The McMichael Canadian Art Collection

The McMichael Canadian Art Collection is home to some of the most cherished works of art in Canada. From traditional landscapes to contemporary, bronze-cast abstract art, this collection of more than 6,500 pieces celebrates the diversity and artistic heritage of the nation and its people. 

The McMichael Canadian Art Collection celebrates the artwork of a wide range of Canadian artists, including work by The Group of Seven and Tom Thomson, as well as Indigenous, Métis, Inuit and contemporary artists who have contributed to the development of Canadian art.

For up-to-date information and details on the McMichael Art Collection, we recommend you visit their website. For information about other places of interest to explore nearby, keep scrolling to see what Destination Ontario recommends. 

Two people sitting on bench in front of sign saying McMichael

Some things to do may not be available due to COVID-19.

For the most up-to-date information on where and when it is safe to travel please visit: covid-19.ontario.ca

More about The McMichael Canadian Art Collection

The gallery first opened in 1966, and the McMichael Canadian Art Collection stands on the original lands of the Ojibwe Anishinaabe Indigenous people. Its current location was a point on the Carrying Place Trail, which served as a crucial link between Lake Simcoe and Lake Ontario's north shoreline. 

Beginning in 1952, Robert and Signe McMichael, the McMichael Collection's founders, built their home on a 1.5 hectare plot of land. Over time, they became enamored with the surrounding landscape and the art it inspired.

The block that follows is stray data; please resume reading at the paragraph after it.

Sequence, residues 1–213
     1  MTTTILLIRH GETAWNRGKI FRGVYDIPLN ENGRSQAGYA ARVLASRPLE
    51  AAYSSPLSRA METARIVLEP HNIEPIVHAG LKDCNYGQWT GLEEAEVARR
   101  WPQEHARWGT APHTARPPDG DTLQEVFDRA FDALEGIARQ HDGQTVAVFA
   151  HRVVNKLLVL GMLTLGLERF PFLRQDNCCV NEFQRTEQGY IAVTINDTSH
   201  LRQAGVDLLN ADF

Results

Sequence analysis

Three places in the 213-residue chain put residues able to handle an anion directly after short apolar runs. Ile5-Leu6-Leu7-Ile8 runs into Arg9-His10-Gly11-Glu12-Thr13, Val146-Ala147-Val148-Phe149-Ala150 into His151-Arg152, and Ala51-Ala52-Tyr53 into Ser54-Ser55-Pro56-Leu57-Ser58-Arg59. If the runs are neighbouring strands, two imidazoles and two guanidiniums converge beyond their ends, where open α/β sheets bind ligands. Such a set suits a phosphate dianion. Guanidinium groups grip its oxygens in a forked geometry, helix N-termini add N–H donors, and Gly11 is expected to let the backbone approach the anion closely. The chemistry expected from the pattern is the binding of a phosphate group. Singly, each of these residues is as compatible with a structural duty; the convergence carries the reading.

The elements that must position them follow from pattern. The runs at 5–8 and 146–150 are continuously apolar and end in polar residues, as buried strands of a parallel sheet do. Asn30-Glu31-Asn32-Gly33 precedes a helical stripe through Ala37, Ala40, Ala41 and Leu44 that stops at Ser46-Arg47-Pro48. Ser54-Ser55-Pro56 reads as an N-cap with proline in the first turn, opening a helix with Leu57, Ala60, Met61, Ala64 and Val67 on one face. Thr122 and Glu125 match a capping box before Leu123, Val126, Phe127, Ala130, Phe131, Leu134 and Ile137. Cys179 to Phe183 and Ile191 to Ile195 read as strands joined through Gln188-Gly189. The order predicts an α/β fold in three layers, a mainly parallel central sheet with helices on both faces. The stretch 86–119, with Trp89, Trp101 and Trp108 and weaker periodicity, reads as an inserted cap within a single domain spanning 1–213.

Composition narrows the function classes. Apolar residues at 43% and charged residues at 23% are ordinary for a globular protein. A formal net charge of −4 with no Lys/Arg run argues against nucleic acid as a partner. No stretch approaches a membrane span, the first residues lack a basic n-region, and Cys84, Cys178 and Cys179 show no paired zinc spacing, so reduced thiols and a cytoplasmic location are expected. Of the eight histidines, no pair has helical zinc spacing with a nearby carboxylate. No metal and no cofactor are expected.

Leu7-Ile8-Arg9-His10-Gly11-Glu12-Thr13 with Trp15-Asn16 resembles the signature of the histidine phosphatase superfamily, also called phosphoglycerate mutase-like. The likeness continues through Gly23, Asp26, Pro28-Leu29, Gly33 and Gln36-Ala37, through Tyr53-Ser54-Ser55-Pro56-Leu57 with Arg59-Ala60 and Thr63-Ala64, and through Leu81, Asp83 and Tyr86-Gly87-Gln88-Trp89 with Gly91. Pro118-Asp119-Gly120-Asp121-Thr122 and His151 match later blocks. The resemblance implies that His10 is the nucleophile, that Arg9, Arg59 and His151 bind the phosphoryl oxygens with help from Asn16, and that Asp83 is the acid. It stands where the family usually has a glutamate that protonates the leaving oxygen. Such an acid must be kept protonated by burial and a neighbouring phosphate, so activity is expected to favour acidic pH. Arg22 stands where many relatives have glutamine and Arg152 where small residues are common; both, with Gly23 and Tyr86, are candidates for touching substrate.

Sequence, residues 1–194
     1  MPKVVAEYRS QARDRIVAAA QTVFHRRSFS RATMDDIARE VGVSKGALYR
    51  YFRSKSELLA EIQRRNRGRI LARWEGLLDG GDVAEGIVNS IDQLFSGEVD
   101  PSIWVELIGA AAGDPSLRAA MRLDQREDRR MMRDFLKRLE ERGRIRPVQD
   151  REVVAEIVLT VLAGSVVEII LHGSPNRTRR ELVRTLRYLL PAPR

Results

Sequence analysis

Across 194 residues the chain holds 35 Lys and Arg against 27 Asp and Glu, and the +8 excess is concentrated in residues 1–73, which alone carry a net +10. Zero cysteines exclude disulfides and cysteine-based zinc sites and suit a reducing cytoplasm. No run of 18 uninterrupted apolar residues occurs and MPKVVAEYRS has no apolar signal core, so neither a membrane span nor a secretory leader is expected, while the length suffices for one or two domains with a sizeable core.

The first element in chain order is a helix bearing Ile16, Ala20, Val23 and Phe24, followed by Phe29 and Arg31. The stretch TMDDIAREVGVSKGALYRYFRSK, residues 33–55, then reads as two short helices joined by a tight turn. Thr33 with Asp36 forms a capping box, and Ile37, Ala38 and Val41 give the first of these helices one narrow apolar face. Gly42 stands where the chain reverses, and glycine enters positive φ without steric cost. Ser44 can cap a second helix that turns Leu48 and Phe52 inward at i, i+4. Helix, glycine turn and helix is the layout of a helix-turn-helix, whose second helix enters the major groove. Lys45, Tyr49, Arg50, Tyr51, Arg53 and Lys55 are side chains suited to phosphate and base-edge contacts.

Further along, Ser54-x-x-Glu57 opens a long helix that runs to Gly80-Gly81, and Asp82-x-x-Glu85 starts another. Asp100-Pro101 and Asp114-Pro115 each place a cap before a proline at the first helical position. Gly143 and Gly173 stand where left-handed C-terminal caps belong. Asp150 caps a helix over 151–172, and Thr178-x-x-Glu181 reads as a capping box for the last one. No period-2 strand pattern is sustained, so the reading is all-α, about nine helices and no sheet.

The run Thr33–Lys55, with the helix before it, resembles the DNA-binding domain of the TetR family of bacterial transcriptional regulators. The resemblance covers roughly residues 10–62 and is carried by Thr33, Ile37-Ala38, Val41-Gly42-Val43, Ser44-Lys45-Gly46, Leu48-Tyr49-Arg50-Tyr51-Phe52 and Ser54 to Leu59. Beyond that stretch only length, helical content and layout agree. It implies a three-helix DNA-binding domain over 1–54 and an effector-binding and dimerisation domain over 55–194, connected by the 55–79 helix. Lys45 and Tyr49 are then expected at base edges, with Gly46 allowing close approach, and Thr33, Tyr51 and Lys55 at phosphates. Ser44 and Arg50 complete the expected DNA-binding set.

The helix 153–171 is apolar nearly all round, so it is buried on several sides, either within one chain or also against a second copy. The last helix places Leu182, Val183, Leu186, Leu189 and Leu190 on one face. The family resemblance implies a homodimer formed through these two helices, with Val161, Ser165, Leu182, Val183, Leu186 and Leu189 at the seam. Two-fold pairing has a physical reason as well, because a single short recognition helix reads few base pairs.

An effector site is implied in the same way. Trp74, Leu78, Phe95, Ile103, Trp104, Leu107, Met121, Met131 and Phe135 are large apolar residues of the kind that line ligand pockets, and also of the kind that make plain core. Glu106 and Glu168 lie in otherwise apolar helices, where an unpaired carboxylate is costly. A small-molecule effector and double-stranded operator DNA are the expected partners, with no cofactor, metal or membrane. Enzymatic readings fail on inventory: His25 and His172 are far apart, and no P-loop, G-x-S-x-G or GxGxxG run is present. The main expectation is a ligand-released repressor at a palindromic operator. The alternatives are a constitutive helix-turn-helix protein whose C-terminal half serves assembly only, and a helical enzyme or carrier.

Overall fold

By 1965, the McMichaels' private collection contained 194 pieces of artwork from Tom Thomson and the Group of Seven. Realizing they had a duty to preserve this treasure trove of Canadian art, they generously gave their collection to the province of Ontario, along with their home and its surrounding land. 

Now, the gallery is home to over 6,500 priceless works of art from the Group of Seven, Tom Thomson, contemporary artists and Inuit and Indigenous artists. 

The gallery occupies roughly 4 hectares (10 acres) of land amid 40.5 hectares (100 acres) of conservation land in the Humber River valley. 

In addition to those buildings, visitors can walk through the Ivan Eyre Sculpture Garden, trek through nature trails and visit the McMichael cemetery, where the McMichaels and six of the Group of Seven are buried. 

The McMichael Cafe serves locally-sourced, seasonal produce and draws its culinary inspiration from around the world. From classic carrot cake and cookies to chopped salads and chicken clubs, there's a bit of something for everyone. And the gallery even has a private collection of ciders, beer and wine. 

For the young and young-at-heart who want to further expand the horizons of their creativity, the McMichael Canadian Art Collection offers lectures, customized tours, concerts and classes. What's more, contemporary artists regularly discuss their art, and both adults and kids can take classes to hone their artistic ability. Though there are courses offered in-person, the McMichael Collection also offers lectures, tours and classes online. 

Their entire collection of 6,500 pieces of artwork, documents and archived materials can also be accessed online via the McMichael eMuseum. 

After a full day of taking in Canada's finest artwork, there's another nearby place you may want to check out. At a little over 120,000 square metres (1.3 million square feet), Vaughan Mills Mall has almost anything the discerning shopper or diner could want. It contains over 200 restaurants, shops and outlets. What's more, it's only a short, 20 minute drive down Rutherford Road.  

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